NASA spots possible Water Plumes Erupting on Jupiter's Moon Europa


Posted on:28 Sep 2016 18:15:08

NASA spots possible Water Plumes Erupting on Jupiter's Moon Europa
28 September 2016 Current Affairs: The latest finding has given scientists fresh hope that a robotic spacecraft could one day fly past these potential plumes and learn about their contents without having to drill miles deep into the moon's icy shell.

Using ultraviolet images taken by Hubble, a space telescope that was launched in 1990, the potential plumes were seen around the southern edge of Europa and appear as dark fingers or patches of possible absorption.

They were spotted over the course of 15 months in 2014 when scientists observed Europa passing in front of Jupiter.

This was observed by a team of astronomers led by William Sparks of the Space Telescope Science Institute (STScI) in Baltimore. They observed these finger-like projections while viewing Europa's limb as the moon passed in front of Jupiter.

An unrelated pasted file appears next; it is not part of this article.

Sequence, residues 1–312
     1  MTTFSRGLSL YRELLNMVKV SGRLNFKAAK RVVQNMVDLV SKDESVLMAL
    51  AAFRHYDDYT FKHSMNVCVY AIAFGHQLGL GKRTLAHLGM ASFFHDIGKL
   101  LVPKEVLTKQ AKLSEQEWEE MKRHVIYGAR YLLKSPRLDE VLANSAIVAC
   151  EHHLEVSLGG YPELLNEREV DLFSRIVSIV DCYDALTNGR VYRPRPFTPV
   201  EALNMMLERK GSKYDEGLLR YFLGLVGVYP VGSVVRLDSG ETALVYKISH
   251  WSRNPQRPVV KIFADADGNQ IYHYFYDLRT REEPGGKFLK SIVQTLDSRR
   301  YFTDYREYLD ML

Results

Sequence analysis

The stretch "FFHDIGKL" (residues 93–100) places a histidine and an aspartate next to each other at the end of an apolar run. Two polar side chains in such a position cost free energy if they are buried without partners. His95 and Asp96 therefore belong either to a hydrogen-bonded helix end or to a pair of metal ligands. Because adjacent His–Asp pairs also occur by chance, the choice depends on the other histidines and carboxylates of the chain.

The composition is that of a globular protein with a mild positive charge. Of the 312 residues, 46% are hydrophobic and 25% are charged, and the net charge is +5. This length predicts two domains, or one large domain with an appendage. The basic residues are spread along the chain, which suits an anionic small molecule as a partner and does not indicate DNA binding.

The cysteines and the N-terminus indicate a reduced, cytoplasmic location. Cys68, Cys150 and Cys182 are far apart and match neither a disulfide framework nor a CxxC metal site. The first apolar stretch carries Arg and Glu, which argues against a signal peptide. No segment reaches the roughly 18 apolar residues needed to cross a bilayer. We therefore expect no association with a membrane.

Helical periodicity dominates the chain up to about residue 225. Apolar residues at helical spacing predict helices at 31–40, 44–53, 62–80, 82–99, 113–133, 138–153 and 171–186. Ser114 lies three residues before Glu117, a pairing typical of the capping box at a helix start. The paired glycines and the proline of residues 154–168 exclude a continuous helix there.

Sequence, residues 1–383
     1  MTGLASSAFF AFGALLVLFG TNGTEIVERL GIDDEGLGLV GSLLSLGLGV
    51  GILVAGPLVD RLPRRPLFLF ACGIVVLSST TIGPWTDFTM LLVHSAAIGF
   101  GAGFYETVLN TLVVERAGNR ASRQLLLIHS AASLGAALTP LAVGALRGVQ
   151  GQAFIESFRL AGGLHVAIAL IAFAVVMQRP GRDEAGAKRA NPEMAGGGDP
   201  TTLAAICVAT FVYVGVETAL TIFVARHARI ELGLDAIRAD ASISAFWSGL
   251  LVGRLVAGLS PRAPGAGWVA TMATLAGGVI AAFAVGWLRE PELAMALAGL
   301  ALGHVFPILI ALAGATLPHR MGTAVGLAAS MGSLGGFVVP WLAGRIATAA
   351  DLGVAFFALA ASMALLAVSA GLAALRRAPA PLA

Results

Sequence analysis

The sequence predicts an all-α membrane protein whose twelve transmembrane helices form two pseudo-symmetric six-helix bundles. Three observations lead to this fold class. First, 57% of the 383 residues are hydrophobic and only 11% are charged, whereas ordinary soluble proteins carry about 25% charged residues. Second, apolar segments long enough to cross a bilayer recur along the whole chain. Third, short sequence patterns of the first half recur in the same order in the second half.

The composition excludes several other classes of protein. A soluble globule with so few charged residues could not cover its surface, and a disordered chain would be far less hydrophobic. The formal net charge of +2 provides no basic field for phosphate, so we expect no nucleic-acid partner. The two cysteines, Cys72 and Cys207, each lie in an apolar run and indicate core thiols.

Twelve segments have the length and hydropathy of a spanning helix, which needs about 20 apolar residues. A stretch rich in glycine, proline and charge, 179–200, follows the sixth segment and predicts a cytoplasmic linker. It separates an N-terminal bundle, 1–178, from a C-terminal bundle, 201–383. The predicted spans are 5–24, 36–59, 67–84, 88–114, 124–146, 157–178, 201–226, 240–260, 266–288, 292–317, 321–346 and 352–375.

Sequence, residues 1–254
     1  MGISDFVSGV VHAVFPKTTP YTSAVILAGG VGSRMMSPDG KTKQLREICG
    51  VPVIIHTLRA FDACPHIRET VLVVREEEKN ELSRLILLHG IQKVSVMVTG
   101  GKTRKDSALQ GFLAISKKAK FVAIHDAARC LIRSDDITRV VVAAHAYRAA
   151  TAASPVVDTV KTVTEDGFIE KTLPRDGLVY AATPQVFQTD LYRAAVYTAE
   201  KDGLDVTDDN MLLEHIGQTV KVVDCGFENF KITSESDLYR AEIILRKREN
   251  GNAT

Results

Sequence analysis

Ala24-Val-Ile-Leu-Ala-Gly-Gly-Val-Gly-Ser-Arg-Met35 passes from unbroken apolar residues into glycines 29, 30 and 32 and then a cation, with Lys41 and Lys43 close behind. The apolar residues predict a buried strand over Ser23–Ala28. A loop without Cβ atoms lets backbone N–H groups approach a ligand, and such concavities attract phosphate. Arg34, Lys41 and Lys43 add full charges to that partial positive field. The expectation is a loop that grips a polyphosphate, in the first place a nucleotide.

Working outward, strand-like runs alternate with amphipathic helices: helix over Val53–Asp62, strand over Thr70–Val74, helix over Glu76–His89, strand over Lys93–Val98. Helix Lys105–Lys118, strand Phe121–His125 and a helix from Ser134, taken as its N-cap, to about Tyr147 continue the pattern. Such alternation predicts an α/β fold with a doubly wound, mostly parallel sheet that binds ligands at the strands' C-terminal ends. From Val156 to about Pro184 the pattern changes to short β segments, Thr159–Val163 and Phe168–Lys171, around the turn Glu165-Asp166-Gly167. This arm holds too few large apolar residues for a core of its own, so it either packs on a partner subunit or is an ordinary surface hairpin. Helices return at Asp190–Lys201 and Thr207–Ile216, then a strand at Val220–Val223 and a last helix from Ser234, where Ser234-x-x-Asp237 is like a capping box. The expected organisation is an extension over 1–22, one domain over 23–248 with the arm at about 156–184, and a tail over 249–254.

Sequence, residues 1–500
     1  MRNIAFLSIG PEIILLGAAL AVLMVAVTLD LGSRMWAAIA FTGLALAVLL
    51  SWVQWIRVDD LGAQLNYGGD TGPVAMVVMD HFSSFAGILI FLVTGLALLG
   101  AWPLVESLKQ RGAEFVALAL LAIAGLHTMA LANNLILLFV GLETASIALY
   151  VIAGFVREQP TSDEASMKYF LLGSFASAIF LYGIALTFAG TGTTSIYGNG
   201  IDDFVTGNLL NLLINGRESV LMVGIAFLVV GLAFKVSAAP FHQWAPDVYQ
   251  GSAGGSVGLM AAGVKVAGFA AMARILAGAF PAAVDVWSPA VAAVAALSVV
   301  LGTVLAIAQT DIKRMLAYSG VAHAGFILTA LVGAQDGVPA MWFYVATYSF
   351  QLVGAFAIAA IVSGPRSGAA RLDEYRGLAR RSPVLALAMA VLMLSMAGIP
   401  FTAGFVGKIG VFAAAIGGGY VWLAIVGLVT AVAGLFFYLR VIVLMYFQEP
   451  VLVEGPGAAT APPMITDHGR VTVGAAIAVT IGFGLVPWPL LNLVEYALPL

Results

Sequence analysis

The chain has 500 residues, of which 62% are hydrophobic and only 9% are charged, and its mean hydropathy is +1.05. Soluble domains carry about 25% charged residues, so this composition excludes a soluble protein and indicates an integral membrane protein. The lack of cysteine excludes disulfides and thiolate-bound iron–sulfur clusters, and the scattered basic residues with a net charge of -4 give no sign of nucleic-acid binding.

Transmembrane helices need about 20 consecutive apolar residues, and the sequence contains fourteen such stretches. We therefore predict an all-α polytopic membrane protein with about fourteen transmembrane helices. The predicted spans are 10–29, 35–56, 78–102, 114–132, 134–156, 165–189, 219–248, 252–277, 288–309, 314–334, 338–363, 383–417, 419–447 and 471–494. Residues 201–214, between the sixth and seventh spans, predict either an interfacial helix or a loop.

If confirmed, Europa would be the second moon in the solar system known to have water vapor plumes. In 2005, NASA's Cassini orbiter detected jets of water vapor and dust spewing off the surface of Saturn's moon Enceladus.

Plumes on Europa : The plumes are estimated to rise about 125 miles (200 kilometers) before, presumably, raining material back down onto Europa's surface.

Europa has a huge global ocean that contains twice water than Earth’s oceans, which is protected by a layer of extremely cold and hard ice of unknown thickness.

The plumes provide a tantalizing opportunity to gather samples originating from under the surface without having to land or drill through the ice.


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